Let’s make a deal

Rachel Smith interviews recruiter Catherine Kennedy for Seniors Life Insurance.

The reward following months of job hunting is the phone call or email you’ve been waiting for: a job offer! As you’ll know if you’ve been in this position, it’s exhilarating, exciting and nausea-inducing all at once.

Now comes the awkward bit: negotiating the job offer to your liking. Going through a recruiter can make the process easier, but you can take charge of it yourself and come out on top too, says Catherine Kennedy from recruitment company People2People.

“Even though salaries have been pretty stagnant for a long time, they’re starting to lift a little at some organisations and there’s often the chance to negotiate there,” she says. “You can also negotiate around flexibility, adjusted hours or other benefits like additional leave or access to healthcare. So it’s not just the dollar amount you have to play with.”

So what’s new? 

A lot has changed on the job hunt front. Employers are struggling to find the right people and to retain existing workers right now. The pandemic has caused a seismic shift in what’s important to jobseekers too, says Catherine. “In the past couple of years, organisations have realised that it’s very much a two-way street in terms of the jobseeking process.”

Employers recognise they need to articulate why they’re a good organisation to work for and offer a positive culture. Plus, jobseekers say ongoing learning is very important, no matter how old they are. “Opportunities to cross skill and get different experience helps them in their own career, so they want to know those things are on the table,” says Catherine.

Starting negotiations 

At offer stage, there will usually be a verbal discussion around the parameters of the role. Once both parties have agreed, the offer is put in writing and you’ll review the fine print. 

“My advice before that final offer is put on the table is to try to get some understanding around the offer and what the job looks like with remuneration and conditions — and most employers will put that forward as well because they don’t want to go through two or three rounds of interviews and realise there’s a misalignment in expectations,” Catherine says. 

Being transparent and knowing what you want when faced with a job offer are critical, as late-stage negotiations are one of the main things that drag out the recruitment process. “This was also one of the biggest frustrations for hiring managers in a recent report we did,” adds Catherine.

Money talks 

Salary is a big consideration for people but bringing it up at the start of the interview as soon as you’ve sat down can make you look like you’re only out for yourself, warns Catherine. “If you’ve had positive feedback, a second interview and indications they’re keen to progress with you, I’d say, ‘Could you give me an indication of the salary range for this position so I can make sure we’re on the same page with that?’”

And if you want to try and negotiate upwards on the salary offer, again, being informed about the market and sharing some insights around different opportunities that are paying at a particular level can help.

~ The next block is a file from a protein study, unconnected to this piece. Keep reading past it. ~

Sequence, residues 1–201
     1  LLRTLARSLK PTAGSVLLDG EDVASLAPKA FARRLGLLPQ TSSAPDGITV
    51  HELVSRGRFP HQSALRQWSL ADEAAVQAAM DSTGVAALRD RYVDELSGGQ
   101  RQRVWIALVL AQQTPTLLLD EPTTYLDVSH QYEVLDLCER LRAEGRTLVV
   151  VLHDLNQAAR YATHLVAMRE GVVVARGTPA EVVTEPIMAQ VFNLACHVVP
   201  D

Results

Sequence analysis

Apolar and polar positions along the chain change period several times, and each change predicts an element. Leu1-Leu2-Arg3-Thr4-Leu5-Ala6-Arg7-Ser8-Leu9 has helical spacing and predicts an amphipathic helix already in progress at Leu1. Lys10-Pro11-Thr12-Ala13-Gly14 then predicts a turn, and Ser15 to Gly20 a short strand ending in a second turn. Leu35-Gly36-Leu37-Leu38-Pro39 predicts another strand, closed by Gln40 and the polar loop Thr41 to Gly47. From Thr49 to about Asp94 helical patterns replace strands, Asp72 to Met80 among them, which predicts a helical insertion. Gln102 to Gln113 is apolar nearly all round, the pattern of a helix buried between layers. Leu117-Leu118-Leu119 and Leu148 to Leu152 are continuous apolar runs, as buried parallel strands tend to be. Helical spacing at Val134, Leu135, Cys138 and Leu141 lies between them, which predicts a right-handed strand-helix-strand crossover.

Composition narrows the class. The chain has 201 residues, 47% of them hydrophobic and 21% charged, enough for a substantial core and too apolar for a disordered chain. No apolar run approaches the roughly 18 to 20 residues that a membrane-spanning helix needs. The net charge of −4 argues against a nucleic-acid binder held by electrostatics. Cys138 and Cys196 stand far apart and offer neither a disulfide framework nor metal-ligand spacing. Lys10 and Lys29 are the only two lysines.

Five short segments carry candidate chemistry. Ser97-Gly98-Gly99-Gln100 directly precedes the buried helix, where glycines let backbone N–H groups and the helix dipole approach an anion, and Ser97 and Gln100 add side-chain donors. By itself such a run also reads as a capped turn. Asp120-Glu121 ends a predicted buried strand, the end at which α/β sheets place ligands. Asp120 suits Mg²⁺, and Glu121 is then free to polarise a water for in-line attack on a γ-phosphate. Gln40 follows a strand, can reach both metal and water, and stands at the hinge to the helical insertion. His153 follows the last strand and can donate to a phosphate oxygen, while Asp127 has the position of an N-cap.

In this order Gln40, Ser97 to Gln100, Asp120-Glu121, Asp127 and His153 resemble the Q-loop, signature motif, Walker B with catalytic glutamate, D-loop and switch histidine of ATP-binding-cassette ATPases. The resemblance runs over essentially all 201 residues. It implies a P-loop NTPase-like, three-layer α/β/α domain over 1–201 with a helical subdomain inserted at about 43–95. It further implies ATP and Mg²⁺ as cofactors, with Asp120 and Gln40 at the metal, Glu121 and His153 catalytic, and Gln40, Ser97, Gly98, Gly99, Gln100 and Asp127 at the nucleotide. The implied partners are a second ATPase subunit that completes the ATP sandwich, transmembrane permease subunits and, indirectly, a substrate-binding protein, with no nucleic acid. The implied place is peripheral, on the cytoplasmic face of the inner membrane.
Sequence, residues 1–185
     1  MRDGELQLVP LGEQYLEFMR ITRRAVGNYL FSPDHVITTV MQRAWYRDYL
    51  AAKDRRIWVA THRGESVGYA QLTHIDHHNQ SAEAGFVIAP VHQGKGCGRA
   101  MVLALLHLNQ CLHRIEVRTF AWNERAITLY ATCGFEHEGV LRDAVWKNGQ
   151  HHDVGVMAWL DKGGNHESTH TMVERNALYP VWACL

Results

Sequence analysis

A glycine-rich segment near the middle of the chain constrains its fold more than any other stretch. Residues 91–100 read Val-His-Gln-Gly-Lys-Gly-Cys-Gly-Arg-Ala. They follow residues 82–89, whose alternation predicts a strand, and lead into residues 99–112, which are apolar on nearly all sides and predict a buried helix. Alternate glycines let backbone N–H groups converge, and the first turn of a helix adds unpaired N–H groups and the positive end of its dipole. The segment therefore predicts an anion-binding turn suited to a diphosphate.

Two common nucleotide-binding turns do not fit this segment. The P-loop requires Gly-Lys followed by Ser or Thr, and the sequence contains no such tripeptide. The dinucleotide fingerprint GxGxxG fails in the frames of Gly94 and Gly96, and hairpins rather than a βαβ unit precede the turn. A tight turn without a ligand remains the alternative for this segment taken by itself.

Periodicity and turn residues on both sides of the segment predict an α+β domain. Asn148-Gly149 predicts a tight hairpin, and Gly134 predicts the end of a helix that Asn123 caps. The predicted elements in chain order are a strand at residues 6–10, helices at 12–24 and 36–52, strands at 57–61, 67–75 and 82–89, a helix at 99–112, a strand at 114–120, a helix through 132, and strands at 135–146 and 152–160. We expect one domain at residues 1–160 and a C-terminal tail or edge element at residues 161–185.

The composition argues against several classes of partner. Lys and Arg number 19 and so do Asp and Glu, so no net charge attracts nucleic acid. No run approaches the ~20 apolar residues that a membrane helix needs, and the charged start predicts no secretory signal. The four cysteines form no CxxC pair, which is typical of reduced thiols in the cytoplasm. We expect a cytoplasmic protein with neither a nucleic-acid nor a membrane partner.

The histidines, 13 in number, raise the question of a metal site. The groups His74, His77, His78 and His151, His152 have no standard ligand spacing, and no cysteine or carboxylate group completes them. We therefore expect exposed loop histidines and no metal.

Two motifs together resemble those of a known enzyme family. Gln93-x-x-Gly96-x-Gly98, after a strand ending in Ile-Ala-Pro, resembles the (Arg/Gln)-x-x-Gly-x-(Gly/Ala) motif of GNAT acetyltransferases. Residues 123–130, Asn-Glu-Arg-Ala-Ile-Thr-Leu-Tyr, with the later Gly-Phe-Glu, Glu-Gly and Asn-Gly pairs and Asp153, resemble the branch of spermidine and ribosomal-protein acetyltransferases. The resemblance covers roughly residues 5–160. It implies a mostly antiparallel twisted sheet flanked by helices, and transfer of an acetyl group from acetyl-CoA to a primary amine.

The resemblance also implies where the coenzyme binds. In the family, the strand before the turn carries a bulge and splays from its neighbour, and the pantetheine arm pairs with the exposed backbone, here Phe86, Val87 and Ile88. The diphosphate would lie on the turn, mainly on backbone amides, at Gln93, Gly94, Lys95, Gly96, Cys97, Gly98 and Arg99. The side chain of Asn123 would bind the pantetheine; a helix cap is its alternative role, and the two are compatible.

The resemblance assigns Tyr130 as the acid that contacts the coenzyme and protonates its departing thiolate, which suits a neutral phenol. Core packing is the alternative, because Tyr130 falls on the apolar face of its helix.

She also suggests being open to different ways to structure a package, too. “We recently placed an older candidate who brought additional skills to the role — and because the organisation had a particular budget they needed to work within, he agreed to a four-day week. They got his skills, and he got the rate he wanted plus a bit of work-life balance.”

Negotiate flexibility

Although not every role has the luxury of flexibility, it’s something many jobseekers want. And employers are waking up to the fact that the rigid, working five days from the office rule doesn’t fly anymore — especially if they want an engaged workforce.

“Employers understand that employees want to feel like they’re trusted and are in a role where they’re not being micromanaged all the time,” Catherine explains.

“For the candidate, this might involve reaching an agreement about the outcomes and the kind of productivity that needs to come from the position, and putting forward a bit of a business case about how you’ll meet the job objectives.

“If you want to work from home two days a week, you might say, ‘I’ll focus on the detailed reporting-type work off-site for two days per week, and be in the office for the more interactive aspects of my role.’”

When to ask? Through the process rather than at the end — especially if you’re very firm that you only want to commute into an office, say, three days per week.

3 tips for negotiating a pay rise in your current job 

By Catherine Kennedy 

1. Plan the conversation 

This isn’t something to throw at your boss in the kitchen while you’re both making a cuppa, or in the heat of the moment. You want to book a meeting, set that time aside. Planning it is the respectful thing to do.

2. Know your worth 

Get informed about what’s realistic in the market and the salary level for the type of skills you have and the sort of work you do, to help you bring something objective to the conversation.

3. Think commercially 

Before initiating the pay rise conversation, be aware of the achievements you’ve had. It’s about saying, “This is my value and what I’ve brought to the business; this is why I think it’s reasonable my salary is increased.” A smart employer will want to hold onto a high performer and match what’s reasonable in the market.

If your family relies on your income, then it’s a good idea to think ahead and prepare for the unexpected if you’re suddenly no longer around. Help protect your family financially with Seniors Life Insurance.